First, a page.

more or less skirmishing ensued, until our men arrived under cover of our forts. Hardly had they effected their escape, when the enemy brought out two twelve-pounders upon the Murfreesboro pike, in full view of our gunners upon St. Cloud Hill, and commenced firing away, the first shot striking at a distance of a quarter of a mile from the base of the elevation. At the same time, two guns, which were not visible, opened upon us from the Franklin pike. The guns upon the Murfreesboro road, after the first two shots, directed their fire toward General Palmer's camp, occasionally kicking up quite a dust within musket-shot of the General's Headquarters. Finding that they could accomplish nothing in that location, and fearing to advance closer, the rebels directed their fire toward Mr. John Trimble's residence; and, after several shots, succeeded in unroofing the smoke-house upon his grounds, and producing quite a commotion among his stock and negroes. Simultaneously with these demonstrations of the rebels upon the pike leading from South-Nashville, Morgan, at the head of about two thousand five hundred cavalry, came dashing down the Gallatin pike, and through Edgefield, capturing all of our pickets across the river, consisting of companies D, F, and G of the Fifty-first Illinois regiment, and sending them to the rear. It was the intention of Morgan, no doubt, to destroy the railroad bridge, at least, thinking that our attention was wholly absorbed by the events which were transpiring in South-Nashville. But, before the rebels arrived within gunshot, Colonel Smith's regiment, which is encamped in Edgefield, was in line of battle, most of his men having but little clothing on. Morgan, however, persisted in his attempt to obtain possession of the bridge. Seeing this, Col. Smith ordered his men to fire, an act which was quickly returned by the rebels, a portion of whom dismounted, and assisted in placing a howitzer in position, which had just arrived. At this juncture, Colonel Wood, with his regiment, arrived, and formed in line of battle, and Lieut. Beech, who has charge of the guns near the bridge upon this side of the river, brought his pieces to bear upon Morgan, who, perceiving it, beat a retreat, leaving six killed and nineteen wounded. Our loss was one killed and eleven wounded--two severely. Lieut. Frazer, of company F, Fifty-first Illinois, lost his right arm. Morgan destroyed an old building near the Edgefield depot, and several broken-down cars which were standing upon the track, as an evidence, I suppose, that he had been around. During all this time, the rebels upon the Southern pikes were still firing at our forts, but as yet had been unanswered. Gen. Negley hoping that the artillery, with adequate support, might be induced to advance. After a reasonable time, however, he gave Capt. White orders to discharge a few shells in that direction from his thirty-two-pounders, and almost immediately three of the Rodman guns opened, and at the fourth fire dismounted one of the enemy's pieces, the other being taken to the woods. The guns were then turned in the direction of the Franklin pike, and quite a brisk cannonading took place between the rebels at that and the guns of Fort Negley. By this time General Palmer advanced about a mile upon the Murfreesboro pike, with two regiments of infantry and two pieces of artillery, and after forming his column into line of battle, commenced shelling the woods upon both sides of the road, and advanced slowly up the pike, marching a regiment upon each side of the road, Col. Wood taking the left and advance. This was the last I saw of the doings in that direction, as General Negley ordered three regiments of infantry — the Sixty-ninth Ohio, Colonel Cassilly; Fourteenth Michigan, Col. Wood, and the Seventy-eighth Pennsylvania, Col. Sirwell--Stokes's cavalry, Seventh Pennsylvania cavalry, Colonel Wynkoop, and portions of two batteries of artillery, under Capts. Houghtaling and Marshall, the General taking command in person. The whole force moved with alacrity upon the pike toward Franklin; the batteries shelling the woods upon both sides of the line of march, Col. Wynkoop's battalion acting as skirmishers. After proceeding about two miles the General ordered two pieces of artillery to be placed upon a hill of fine command, and masked. As no enemy was seen, they were subsequently removed, and shortly afterward arrived with the column. About five miles from the city is the residence of Mr. John Overton, a wealthy rebel, who, in a speech delivered in this city a year ago last June, said he was worth five millions of dollars, all of which should be sacrificed in the establishment of a Southern Confederacy. As the column approached the house of this rebel a large body of the enemy's cavalry were seen resting upon a hill a short distance off, who were charged by Stokes's cavalry. Col. Stokes was absent about an hour, during which time the main body moved slowly and rested at intervals, making a final halt about eight miles from the city, when they were soon joined by Stokes, who had captured eleven prisoners and ninety head of cattle. Gen. Negley immediately gave orders to return, Stokes's cavalry taking the right, and Col. Cassilly the rear. We had proceeded but a short distance when an orderly dashed among the General's staff-officers, informing Negley that a large force of the enemy were about a mile distant, on our right and front, resting in a ravine. The whole body moved at double-quick, and in a moment the entire fence upon the right, for a quarter of a mile, came down with a crash, by the Fourteenth Michigan. Marshall's battery got a position first, but as the view was obstructed by a dense clump of trees, it was limbered up and moved to a better location. In the mean time Col. Sirwell skirmished to the right, and received a volley from the enemy, but not until Houghtaling's battery had thrown four shells, the first piece being discharged exactly seven minutes after the General received the news of the rebel situation. But a few moments elapsed before the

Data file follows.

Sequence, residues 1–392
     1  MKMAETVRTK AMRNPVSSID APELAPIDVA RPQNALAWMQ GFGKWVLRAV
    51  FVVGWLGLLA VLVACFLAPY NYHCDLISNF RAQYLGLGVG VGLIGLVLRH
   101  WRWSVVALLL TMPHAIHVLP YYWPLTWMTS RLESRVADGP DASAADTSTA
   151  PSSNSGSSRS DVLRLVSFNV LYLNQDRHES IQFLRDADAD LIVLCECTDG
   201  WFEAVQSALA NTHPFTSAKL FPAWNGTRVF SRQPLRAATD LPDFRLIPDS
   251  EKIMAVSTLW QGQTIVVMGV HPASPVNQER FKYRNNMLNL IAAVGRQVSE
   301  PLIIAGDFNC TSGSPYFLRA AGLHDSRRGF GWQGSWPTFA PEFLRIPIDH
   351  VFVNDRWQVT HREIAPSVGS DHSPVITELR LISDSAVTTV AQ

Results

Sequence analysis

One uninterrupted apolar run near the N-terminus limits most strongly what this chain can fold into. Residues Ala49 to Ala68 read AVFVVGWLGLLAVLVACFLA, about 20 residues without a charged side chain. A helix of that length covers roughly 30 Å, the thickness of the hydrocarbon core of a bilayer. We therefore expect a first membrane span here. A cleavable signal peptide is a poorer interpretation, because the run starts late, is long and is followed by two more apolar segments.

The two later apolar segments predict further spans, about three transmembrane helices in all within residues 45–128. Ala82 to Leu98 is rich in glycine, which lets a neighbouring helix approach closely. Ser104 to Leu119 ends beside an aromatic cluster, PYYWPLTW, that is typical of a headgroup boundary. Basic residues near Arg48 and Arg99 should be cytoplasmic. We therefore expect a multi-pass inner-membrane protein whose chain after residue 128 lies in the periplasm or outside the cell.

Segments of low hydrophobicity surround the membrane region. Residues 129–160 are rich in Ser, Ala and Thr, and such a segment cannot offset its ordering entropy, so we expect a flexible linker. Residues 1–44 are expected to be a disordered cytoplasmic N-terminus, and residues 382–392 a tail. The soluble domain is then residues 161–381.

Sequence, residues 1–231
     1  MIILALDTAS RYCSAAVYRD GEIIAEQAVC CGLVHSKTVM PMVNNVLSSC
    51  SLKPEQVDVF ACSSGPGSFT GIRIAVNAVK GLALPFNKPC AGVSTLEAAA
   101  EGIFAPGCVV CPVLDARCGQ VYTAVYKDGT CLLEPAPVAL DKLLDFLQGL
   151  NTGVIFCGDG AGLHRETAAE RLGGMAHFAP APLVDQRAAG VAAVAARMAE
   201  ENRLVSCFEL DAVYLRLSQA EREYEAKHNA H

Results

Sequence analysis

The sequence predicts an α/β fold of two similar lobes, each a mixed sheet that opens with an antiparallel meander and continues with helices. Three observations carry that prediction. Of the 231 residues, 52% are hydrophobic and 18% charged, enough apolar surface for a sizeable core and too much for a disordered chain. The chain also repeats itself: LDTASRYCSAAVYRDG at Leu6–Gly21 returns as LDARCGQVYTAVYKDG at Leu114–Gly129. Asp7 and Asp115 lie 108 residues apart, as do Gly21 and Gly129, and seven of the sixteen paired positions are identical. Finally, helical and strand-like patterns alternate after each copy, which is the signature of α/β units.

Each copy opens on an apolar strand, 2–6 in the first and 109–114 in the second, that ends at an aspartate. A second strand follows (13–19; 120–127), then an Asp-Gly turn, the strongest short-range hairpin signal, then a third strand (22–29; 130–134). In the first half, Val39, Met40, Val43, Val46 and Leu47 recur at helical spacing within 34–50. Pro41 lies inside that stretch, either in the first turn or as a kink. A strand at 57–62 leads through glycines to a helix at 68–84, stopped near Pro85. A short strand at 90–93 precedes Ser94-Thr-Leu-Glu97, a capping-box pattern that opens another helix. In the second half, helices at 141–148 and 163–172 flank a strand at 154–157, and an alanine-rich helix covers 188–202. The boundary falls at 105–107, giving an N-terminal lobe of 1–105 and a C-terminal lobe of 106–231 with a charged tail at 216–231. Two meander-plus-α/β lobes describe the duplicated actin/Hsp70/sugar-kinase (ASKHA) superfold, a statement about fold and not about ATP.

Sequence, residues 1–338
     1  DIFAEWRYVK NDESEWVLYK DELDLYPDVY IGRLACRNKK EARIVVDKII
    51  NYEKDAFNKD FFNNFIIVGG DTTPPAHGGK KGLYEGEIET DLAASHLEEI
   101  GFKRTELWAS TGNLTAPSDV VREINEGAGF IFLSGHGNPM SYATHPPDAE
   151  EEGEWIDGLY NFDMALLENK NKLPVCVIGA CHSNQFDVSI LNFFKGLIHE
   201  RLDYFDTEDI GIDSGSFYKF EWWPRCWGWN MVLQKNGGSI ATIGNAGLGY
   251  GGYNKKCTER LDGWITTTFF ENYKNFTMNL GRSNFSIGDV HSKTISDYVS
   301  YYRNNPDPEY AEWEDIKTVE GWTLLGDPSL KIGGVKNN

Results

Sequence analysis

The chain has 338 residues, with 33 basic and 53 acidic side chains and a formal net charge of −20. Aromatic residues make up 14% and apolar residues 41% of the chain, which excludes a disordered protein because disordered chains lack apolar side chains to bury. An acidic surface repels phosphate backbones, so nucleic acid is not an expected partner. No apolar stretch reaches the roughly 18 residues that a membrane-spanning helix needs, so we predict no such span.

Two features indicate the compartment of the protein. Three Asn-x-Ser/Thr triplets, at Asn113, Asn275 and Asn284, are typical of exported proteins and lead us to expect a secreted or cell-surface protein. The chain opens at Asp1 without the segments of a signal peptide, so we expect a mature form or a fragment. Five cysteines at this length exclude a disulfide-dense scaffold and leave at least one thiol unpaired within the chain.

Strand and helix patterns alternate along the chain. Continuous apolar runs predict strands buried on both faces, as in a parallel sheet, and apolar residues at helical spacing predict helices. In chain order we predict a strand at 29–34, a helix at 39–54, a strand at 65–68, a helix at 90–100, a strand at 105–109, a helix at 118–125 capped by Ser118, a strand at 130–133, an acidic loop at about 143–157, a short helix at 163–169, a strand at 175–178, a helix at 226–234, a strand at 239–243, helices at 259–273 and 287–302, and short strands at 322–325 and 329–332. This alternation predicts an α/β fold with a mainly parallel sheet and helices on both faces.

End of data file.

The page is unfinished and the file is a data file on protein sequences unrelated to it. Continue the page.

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Rebel reports and Narratives.
Doc . 91 .- General Sherman 's expedition.